In case anyone is concerned, this is not a security vulnerability in SwiftNIO, TLS, or anything else. This is merely a debugging feature I wanted to make more obvious.

I’ve been somewhat fascinated with SwiftNIO lately. There’s something magical about getting code to work at the wire protocol level, and SwiftNIO makes it easy to do it safely and efficiently. I’ll save talking about it in much depth here, as I’m still very much figuring that out as I go, but I wanted to share a tip I had to figure out that I couldn’t easily find an answer for without some creative searching. Note: This post will be generally useless to you unless you’re already using NIOSSLContext and TLSConfiguration.

I came across Project Gemini recently, a simple hypertext protocol without all the tons and tons of baggage that the web has built up over the last few decades, and decided to give it a spin with SwiftNIO. Within a day, I was able to get a basic client implementation up and running, but doing so required some debugging.

Much like HTTP, Gemini runs with a request/response model, and I ran into a problem where I wasn’t sure if the server was receiving my requests, sending a response, or if something in my SwiftNIO code was not working properly. Normally when doing something at the wire protocol level, you would use a tool like Wireshark, but the trick is that Gemini requires ALL traffic to be TLS-encrypted. This means that, on its own, Wireshark can’t break the encryption (which is a very good thing!).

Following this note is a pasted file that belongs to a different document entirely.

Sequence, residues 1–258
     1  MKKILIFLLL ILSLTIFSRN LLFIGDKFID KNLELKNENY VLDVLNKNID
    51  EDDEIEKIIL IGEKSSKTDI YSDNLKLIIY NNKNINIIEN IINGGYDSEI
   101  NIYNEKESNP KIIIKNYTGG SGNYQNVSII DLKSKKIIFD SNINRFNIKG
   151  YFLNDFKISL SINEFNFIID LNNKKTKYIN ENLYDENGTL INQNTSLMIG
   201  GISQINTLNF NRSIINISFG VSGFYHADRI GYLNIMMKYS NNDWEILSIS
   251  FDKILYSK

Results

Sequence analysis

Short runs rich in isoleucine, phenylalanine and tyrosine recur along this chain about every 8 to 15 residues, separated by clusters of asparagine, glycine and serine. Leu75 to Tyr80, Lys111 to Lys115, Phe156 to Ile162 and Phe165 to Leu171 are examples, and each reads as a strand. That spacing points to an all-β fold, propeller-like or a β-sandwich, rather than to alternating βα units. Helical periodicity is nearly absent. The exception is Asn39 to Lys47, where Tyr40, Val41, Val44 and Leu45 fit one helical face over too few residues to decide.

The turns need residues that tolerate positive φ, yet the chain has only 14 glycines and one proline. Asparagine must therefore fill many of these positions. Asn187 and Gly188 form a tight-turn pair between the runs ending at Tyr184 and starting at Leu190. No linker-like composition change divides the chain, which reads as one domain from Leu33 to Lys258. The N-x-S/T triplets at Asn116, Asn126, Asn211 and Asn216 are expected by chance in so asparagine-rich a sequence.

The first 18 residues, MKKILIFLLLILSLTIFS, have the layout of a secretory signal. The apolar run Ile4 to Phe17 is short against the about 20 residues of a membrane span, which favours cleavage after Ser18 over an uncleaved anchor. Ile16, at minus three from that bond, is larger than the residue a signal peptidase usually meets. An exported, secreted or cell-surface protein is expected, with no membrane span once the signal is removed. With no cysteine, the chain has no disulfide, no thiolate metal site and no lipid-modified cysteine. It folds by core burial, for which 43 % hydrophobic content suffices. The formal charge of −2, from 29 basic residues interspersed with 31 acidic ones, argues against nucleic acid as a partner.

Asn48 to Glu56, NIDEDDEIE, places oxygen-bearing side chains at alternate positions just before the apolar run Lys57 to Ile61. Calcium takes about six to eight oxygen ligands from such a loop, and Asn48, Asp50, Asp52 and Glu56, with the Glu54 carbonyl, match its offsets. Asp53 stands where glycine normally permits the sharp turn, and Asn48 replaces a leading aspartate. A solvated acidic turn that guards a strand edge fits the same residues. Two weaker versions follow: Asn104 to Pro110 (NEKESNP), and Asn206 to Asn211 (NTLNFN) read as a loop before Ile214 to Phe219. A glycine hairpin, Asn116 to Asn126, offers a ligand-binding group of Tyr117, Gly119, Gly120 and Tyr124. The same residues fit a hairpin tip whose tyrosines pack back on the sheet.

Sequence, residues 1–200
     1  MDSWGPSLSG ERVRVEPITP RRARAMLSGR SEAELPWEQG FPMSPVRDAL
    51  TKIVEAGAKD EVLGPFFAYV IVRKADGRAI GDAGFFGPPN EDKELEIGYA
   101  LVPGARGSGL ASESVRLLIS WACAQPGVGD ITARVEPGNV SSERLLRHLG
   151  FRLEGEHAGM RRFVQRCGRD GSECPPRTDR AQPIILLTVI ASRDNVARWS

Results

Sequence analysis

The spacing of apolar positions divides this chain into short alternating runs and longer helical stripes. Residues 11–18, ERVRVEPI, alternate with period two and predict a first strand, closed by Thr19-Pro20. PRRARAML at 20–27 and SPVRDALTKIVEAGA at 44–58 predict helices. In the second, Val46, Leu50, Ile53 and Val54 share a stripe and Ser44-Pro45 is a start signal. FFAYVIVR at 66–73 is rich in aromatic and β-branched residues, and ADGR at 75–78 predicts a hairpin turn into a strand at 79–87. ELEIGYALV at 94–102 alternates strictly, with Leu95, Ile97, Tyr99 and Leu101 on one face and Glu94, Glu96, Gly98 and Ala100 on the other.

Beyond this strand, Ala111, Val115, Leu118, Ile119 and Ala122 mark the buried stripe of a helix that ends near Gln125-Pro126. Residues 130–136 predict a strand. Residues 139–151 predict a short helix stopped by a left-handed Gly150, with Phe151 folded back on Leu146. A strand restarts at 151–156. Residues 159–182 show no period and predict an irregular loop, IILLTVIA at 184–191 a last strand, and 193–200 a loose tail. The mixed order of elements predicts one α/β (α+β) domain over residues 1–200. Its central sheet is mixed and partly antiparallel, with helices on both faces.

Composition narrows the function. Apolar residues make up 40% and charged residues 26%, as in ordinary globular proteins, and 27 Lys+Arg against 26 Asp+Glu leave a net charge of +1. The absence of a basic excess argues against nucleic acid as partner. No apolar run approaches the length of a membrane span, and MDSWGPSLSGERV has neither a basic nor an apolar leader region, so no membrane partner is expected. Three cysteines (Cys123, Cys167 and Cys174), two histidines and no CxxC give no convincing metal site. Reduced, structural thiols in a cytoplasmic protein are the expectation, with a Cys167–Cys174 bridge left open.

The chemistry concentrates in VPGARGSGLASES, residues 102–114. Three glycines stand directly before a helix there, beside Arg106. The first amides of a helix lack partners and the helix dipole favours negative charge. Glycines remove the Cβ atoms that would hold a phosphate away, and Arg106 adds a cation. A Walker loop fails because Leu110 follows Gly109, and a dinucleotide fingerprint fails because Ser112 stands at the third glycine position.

Fortunately, I’m not the only one who has needed to break TLS encryption for debugging reasons. TLS encryption requires both the client and sender to agree on encryption secrets, and if you have those,, Wireshark can decrypt the data. Many tools like curl and some browsers support writing these secrets to a file using the environment variable SSLKEYLOGFILE, but I don’t think SwiftNIO’s TLS library supports this by default.

Instead, SwiftNIO exposes an API to access the important secrets as data. When setting up your TLSConfiguration.forClient(), you can pass a closure to keyLogCallback. This will get called periodically as part of TLS negotiations, and is equivalnet to the SSKEYLOGFILE output you’d get from curl and friends. Just write this to a file somewhere using whatever API you like, e.g. FileManager().createFile(...) if running on a Mac and make sure you’re appending and not overwriting. Make sure not to ship this!

wireshark tls preferences

Once this file is written somewhere, open Wireshark and go to Preferences. Open the Protocols section and scroll all the way down to TLS. At the bottom of that pane will be a textbox that says something like (Pre)-Master-Secret log filename, and here you put the path to the file you wrote out earlier. Wireshark will automatically monitor that file for updates, and with any luck, you should see decrypted traffic start to show up in Wireshark’s logs.

In the end, my bug was that when I was writing the request to the SwiftNIO Channel, it wasn’t flushing it. So ultimately I just had to change channel.write(...) to channel.writeAndFlush(...) and everything started working. Once Wireshark was decrypting the data, I was able to see that the request was simply never making it to the server I was connecting to, and that it started working just fine with that code change.

Update: Johannes Weiss of the SwiftNIO core team has pointed out another approach for capturing packets: NIOWritePCAPHandler. If you add this to your channel pipeline after the SSL handler, you can have it write out .pcap files which can be read by Wireshark or tcpdump. An example of this can be found in the swift-nio-extras repository. I completely missed this when hunting for answers, and this looks like it can be similarly helpful for debugging TLS-encrypted network traffic.